Getting lost in a foreign place, where you don’t know anyone and don’t speak the language, sounds like a traveler’s worst nightmare! Believe it or not, it’s actually something I actively try to do. “Are you crazy?!” you may ask. Maybe a little, but I do actually have reasons and it’s not as bad as it sounds. It’s normally a pretty incredible experience. Here are my thoughts:
“Lost” vs. Lost
In this age of cheap cell service and GPS, it’s actually difficult to get truly lost. In the majority of the world, you can pull out your phone and find out ostensibly where you are and which way you need to go to get “un-lost” in a matter of seconds. (Check out my post on using your phone cheap while abroad for more on that!) What I’m talking about is more of a temporary losing of the way. Not knowing where this road will take you, what’s around the corner, having no fixed destination, wandering aimlessly.
Beautiful New Roads
When you don’t focus on the fastest, most direct or well-traveled route to get somewhere, you can decide to turn onto more picturesque roads instead. It’s called the “scenic route” for a reason! Why walk beside the big avenue of rushing cars when you can stroll through cute neighborhoods, down quaint cobblestoned streets or flower-lined lanes, or along windy forest or riverside paths instead?
I often find when I lose my way is when I discover the best secret places. The locals-only cafe, the hole-in-the-wall bookshop, the tiny but gorgeous neighborhood park, intricately carved architectural stonework, some cool street art, beautiful little churches, a hidden waterfall, rickety old-world bridge, or gnarled climbing tree. In short, all the things the guidebook won’t tell you about.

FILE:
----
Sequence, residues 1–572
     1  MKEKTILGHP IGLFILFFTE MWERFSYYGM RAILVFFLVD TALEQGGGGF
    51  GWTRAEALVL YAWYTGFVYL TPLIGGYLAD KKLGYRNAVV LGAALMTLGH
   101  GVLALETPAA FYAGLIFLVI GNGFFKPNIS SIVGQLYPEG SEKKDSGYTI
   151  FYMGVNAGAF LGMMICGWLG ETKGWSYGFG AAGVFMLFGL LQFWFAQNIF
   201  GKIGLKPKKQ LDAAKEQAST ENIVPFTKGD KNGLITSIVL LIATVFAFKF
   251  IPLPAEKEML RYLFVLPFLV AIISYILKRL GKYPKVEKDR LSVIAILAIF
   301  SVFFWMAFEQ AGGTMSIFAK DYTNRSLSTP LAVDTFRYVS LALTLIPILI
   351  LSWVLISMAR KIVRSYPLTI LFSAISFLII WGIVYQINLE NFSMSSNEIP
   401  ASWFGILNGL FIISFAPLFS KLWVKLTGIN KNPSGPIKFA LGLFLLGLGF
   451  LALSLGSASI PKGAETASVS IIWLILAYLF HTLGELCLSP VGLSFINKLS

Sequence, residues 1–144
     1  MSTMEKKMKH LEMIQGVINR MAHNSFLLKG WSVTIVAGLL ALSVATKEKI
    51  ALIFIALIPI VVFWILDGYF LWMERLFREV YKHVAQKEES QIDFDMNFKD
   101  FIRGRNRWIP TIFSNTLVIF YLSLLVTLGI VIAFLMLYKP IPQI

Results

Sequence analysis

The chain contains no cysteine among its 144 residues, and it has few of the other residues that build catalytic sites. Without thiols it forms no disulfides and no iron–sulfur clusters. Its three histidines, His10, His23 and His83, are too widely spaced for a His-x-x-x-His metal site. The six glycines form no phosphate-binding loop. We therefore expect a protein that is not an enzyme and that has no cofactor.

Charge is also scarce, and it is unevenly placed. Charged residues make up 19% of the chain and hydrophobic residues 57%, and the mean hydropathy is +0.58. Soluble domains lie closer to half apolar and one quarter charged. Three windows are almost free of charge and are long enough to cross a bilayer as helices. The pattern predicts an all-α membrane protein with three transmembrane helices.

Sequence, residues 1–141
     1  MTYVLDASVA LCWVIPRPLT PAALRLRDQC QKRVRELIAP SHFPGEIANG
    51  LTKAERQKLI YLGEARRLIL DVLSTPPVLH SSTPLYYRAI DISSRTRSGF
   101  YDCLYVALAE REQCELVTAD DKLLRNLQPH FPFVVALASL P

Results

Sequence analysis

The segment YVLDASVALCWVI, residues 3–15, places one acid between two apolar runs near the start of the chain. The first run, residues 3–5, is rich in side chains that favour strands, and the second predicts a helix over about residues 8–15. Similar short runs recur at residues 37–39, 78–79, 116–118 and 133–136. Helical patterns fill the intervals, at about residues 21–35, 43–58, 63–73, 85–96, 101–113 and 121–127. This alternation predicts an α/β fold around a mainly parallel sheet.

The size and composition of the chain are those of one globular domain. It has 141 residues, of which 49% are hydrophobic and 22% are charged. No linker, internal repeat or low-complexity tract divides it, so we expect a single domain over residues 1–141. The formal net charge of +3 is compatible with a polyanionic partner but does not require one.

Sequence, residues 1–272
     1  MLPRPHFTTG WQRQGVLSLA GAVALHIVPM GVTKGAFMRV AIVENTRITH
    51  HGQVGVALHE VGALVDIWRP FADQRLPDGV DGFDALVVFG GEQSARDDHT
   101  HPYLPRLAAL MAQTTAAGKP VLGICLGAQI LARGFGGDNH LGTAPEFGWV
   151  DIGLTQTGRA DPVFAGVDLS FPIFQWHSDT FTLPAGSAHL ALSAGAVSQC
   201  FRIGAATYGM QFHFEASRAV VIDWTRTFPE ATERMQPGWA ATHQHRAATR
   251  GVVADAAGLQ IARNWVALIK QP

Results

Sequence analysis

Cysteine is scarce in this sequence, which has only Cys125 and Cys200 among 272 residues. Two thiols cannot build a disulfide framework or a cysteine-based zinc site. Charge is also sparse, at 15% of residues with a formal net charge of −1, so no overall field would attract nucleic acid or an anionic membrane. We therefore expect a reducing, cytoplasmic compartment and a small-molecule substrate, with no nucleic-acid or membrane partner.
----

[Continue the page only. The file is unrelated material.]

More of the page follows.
Thrill of Discovery
Half the enjoyment of finding these interesting routes and hidden gem spots is that sense of the unknown, the thrill of discovery. What will you find down that lane, around that corner? What will you find, that other travelers won’t? The thing that will make this trip personal and memorable to you.
Great Places to “Get Lost” Around the World
Contained places where it’s very difficult to actually stray too far without noticing are perfect for a bit of random rambling. Large parks (city, regional, or National Parks) and botanical gardens are fantastic for this. So are smaller cities/regions with clear boundaries, like Venice or Manhattan. Quaint little towns will peter out into the countryside or a single road when you get to the edge. Walled towns and cities like York, England or Xi’an, China have clear boundaries. These are the best sorts of places to try it if you’re at all unsure, but I do lose my way to a certain extent almost anywhere.
Where & When Not to “Get Lost”
Of course, when you don’t know where you’re going, there’s the possibility that you will end up somewhere you shouldn’t be. Be mindful of no trespassing signs and other clearly restricted areas. If I ever feel uncomfortable or come to a street looks a bit dodgy, I turn around and go back. And I never deliberately get lost at night.
Otherwise, getting lost is a great way to explore a new place! Why not give it a try?
- The Benefits of Eating Off the Tourist Track
- How Travel Helps Me as an Introvert
- The Classic DIY Walking Tour
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